Or "A Gentle Breeze In The Wind" as it's called in English makes me wanna whisk back to a childhood somewhere in the outskirts of Japan as well, and the soundtrack of this fictional would-be life of mine would be accompanied by the ambient sounds of the 
late Rei Harakami..

I would be that "kakkoi" transfer from another city, meet my first love. She would fix the button on my jacket, and I would put it over her shoulders on a cold autumn day. We would find security in each other, sometimes without even using any words. Often, she would take my hand, and I would never ask why.

We would take trips together along an ocean railway, feeling securely that if so the entire world turned against us, we would always have each other..looking outside that window and not necessary to say, we find ourself gazing in the same direction...at some random cloud that's been abandoned by it's flock, or taken an unusual shape. The sky hides infinity in the blue daylight, and the reflection of the sun against the ocean glitters like stars, making it seem like the world has been turned upside down.. 

Looking at the infinity beyond the horizon of the ocean really makes you wonder what's on the other side, doesn't it? You know that eventually the waves will touch shore, but somewhere in between there's a place we can only imagine..

When I was younger I found myself swimming far out in the ocean..perhaps I was expecting to find something, or simply liked the feeling of my feet leaving the ground and be afloat..unknowing what's down below in that cold, dark blue..

I have my doubts at times, that I will find myself live to be old man someday. But hope that I get a chance to gather more memories to look back on. One of the fondest, being a recent one..

I remember the sight of my love leaving the tatami-room and walk outside on the garden terrace..she sat down and let her legs rest freely over the garden..I joined her and we crossed our feet and watched silently this beautiful view in front of us..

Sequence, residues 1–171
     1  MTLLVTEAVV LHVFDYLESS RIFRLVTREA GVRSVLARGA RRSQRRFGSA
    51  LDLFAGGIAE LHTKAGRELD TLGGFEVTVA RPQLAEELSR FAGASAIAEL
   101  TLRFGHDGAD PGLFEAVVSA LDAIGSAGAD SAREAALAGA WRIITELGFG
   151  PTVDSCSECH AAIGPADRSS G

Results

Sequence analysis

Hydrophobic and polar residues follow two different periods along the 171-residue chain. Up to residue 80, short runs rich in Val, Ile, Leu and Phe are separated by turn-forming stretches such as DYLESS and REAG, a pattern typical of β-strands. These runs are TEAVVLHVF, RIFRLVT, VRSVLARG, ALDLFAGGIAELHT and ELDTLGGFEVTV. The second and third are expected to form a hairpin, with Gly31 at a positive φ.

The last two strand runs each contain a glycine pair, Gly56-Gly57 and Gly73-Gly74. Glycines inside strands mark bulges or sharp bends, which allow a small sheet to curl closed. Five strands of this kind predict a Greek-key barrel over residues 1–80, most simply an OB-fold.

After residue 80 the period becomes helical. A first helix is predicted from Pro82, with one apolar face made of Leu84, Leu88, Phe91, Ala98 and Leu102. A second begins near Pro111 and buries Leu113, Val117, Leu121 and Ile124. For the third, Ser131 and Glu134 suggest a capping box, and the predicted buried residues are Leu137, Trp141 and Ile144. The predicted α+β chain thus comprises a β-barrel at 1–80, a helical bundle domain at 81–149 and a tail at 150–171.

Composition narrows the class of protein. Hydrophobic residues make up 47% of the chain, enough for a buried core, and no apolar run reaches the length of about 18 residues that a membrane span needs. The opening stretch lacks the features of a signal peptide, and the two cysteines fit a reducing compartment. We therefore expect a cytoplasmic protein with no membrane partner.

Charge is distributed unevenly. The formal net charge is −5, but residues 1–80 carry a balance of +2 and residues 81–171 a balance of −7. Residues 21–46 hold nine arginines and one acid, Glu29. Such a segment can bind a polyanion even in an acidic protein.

Sleep Rhytm

I've been some worried about my own condition lately, constantly tired, some pains as well..not to mention my rapidly increasing loss of motivation when it comes to studies and trying to pursue some kind of life in this country.

I might actually find myself leaving these islands sooner than expected.

Anyways, the other day we took an afternoon refuge in a small teahouse I had discovered some months ago..was surprised to find the charming backstreet entrance closed today. Entering from there increases the sensation of this being a place that few know of, although I suspect it's quite known among other Tokyo citizens.

For some reason, places where I can take my shoes off, lean against the wall and rub my socks against the texture of 
tatami-mats makes me feel incredibly relaxed..

In case you find yourself coming here alone, there's a few seats facing a quiet little garden. Perfect for those moments 
of solitude perhaps everyone needs at times.

We had quite a splurge, ordering homemade Ginger Ale, Mango-soymilk, coffee-rollcake and a beautiful cheesecake. What truly makes this place special however is ordering the tea-set, which includes a small preparation ceremony. 
Bring a date, and he/she will most likely be impressed.


Little Bird

Little bird have you got a key?
Unlock the lock inside of me
Where will you go?

Good morning bird, good nightingale
I took a deep breath
And caught a long wind